Modern classics sell well while Old Masters take longer
The opening days of Frieze Masters had a steady stream of buyers, but most showed an appetite for post-war work
By Ermanno Rivetti. From Frieze daily edition
Published online: 16 October 2013
By the end of the second day of Frieze Masters, the steady trickle of visitors became a stream, and many galleries reported significant sales, although most buyers showed an appetite for post-war and classic contemporary art, while sales for Old Masters were much slower—a similar dynamic to last year’s inaugural edition. Dealers from both camps agreed that “modern sells quicker”, despite many a collector being overheard praising the variety of works on offer.
Skarstedt Gallery (F1), which is making its Frieze Masters debut with a selection of monochromatic works by a range of artists, had a number of sales—an early Gerhard Richter diptych titled Stadtbild, 1968, priced around €1.6m; a large canvas by market darling Christopher Wool, Untitled, 1998, priced at $2.5m; and Cindy Sherman’s Untitled Film Still #4, 1977, priced at $475,000. Meanwhile, it was big business at Acquavella Galleries (E1), where a late work by Pablo Picasso, Femme assise au chapeau, 1961, sold with an asking price of $8m, and a late work by Willem de Kooning, Untitled IV, 1982, sold with an asking price of $8.5m. The gallery’s Ken Yeh says the prices for “late works by De Kooning have gone up quite a bit because those from the 1940s and 50s are incredibly rare.”
The market for post-war Italian art was going strong ahead of this week’s Italian auctions at Sotheby’s and Christie’s. Dickinson Gallery (C5) sold a colourful Boetti work, Untitled, 1989, priced around €2300,000, and a large white painting by Domenico Gnoli, Shirt Collar 14½, 1969, priced at €3m. At Tornabuoni Art (A6), a classic red Lucio Fontana work, Concetto Spaziale, Attese, 1965, sold for around €1m, and Robilant + Voena (A3) sold a white Enrico Castellani, Superficie Bianca, 1978, priced at €700,000.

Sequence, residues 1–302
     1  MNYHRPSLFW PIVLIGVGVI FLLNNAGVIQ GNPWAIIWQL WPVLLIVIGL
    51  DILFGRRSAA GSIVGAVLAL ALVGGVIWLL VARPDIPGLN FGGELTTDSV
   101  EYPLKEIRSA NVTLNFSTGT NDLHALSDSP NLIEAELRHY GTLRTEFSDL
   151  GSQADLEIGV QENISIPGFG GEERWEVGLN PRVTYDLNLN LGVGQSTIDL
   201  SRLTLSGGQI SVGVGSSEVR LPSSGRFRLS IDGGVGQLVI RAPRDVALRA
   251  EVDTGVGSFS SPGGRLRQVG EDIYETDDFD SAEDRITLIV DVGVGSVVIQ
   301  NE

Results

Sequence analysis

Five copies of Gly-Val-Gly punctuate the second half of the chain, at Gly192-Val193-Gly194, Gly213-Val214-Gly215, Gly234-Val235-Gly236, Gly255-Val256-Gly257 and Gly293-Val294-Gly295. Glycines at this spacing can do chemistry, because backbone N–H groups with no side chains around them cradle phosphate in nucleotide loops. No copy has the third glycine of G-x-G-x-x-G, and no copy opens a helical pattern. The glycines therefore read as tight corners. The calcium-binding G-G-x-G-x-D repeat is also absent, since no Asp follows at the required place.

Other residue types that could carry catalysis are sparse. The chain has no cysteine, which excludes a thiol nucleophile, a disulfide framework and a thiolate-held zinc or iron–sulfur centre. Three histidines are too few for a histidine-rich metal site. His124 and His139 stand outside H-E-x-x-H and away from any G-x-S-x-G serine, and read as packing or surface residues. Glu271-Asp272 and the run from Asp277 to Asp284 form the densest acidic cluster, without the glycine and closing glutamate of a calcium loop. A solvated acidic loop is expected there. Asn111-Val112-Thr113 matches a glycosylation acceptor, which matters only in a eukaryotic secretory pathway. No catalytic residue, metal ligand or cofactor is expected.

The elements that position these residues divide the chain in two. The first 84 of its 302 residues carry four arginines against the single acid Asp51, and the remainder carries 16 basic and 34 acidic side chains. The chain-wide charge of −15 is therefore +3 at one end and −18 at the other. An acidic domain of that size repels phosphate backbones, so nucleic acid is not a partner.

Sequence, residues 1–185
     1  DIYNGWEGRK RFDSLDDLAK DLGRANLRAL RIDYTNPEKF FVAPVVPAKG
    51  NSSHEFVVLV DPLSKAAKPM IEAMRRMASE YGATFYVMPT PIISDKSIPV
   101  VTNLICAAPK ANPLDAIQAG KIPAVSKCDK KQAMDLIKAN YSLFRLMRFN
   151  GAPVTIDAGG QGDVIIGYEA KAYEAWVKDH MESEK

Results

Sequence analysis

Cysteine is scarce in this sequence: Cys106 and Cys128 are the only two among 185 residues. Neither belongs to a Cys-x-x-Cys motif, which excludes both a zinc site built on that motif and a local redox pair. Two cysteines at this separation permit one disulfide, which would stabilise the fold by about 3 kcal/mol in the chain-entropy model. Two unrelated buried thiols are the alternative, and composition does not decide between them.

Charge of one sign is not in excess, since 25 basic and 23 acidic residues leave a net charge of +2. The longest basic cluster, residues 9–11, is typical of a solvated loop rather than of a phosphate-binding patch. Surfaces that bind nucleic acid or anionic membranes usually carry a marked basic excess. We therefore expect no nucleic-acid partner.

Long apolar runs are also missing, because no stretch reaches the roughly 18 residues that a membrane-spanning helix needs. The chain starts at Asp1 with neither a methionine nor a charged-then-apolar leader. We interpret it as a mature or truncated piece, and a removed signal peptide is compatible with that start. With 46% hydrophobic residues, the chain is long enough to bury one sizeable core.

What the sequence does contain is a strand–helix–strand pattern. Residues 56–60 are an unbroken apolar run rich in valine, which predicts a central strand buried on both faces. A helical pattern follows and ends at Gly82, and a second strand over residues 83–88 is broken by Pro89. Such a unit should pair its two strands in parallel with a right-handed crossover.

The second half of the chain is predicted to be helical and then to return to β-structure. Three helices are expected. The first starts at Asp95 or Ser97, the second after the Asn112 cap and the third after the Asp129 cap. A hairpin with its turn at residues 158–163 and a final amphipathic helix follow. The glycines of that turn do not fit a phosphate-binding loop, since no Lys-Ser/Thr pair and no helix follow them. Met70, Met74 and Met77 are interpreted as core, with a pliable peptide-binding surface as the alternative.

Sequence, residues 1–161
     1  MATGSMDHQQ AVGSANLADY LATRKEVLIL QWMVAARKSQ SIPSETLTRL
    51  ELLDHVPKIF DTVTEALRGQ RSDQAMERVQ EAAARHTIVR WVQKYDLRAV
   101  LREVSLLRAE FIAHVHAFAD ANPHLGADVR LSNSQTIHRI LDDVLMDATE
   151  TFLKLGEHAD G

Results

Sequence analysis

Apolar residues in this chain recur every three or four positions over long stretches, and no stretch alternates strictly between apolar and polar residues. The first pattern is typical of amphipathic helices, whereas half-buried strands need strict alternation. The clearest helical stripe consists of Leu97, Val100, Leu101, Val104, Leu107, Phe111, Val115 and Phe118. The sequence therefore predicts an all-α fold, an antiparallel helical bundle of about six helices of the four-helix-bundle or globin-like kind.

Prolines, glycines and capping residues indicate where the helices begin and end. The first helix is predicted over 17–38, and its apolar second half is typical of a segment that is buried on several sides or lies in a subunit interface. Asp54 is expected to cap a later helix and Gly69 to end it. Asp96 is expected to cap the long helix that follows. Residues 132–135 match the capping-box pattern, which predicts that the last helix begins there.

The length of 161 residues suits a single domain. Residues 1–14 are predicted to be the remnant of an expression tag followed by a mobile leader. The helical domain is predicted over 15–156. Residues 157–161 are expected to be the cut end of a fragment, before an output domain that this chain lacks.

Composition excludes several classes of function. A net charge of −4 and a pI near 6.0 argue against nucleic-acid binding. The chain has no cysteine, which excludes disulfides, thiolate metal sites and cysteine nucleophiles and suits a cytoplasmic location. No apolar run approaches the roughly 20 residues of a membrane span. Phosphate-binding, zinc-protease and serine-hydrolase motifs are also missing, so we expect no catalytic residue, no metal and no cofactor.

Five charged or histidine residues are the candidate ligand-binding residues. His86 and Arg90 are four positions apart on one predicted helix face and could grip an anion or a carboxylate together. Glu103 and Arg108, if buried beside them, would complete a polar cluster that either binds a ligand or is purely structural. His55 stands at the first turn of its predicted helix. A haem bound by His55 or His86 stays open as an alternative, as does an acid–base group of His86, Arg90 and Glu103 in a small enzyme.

As ever, New York’s Cheim & Read did well with its offering of post-war female artists, including a painting by Joan Mitchell, Untitled, 1961, for $3m. “Historical revisionism over the past 15 years has created these new masters,” says the gallery’s director Adam Sheffer. Re-evaluating artists is all the rage now, with a range of galleries presenting works by the radical Gutai group of post-war Japanese artists. Despite growing attention in US, these artists “have not been seen in London much, if at all,” says Fergus McCaffrey from McCaffrey Fine Art (E6), who sold a painting by Kazuo Shiraga, Untitled, 1962, for over $1m to a private collector, and two further works—Saburo Murakami’s Sakuhin, 1962, and Sadamasa Motonaga’s Sakuhin 31, 1963, for $400,000 and $850,000 respectively to European institutions. Dominique Lévy (E3), meanwhile, sold Tsuyoshi Maekawa’s Untitled, 1963, for around $200,000. The gallery’s Cari Brentegani says buyers are “beginning to be more interested” in this movement.
Old Masters dealers were, by contrast, more tight-lipped, suggesting perhaps slower sales. Johnny Van Haeften (E4) sold another work by Pieter Brueghel the Younger, Pissing at the Moon, around 1620, for £650,000, in addition to the artist’s recently discovered work The Census at Bethlehem, around 1611, for £6m. However, the Parisian gallery De Jonckheere (D4), only made one sale by the end of the second day—Hans Bol's Panoramic View of a Village in Flanders with Antwerp on the Right, around 1574, for €400,000. Meanwhile, at Richard Green (F4), only one Old Master work, Still-life with peaches in a blue and white Ming porcelain bowl, 1629, by Louise Moillon, priced at £1.75m, had the tell-tale red sticker attached to its label. Lowell Libson (F7) and Ben Elwes (B10) had not made any sales by the second day.
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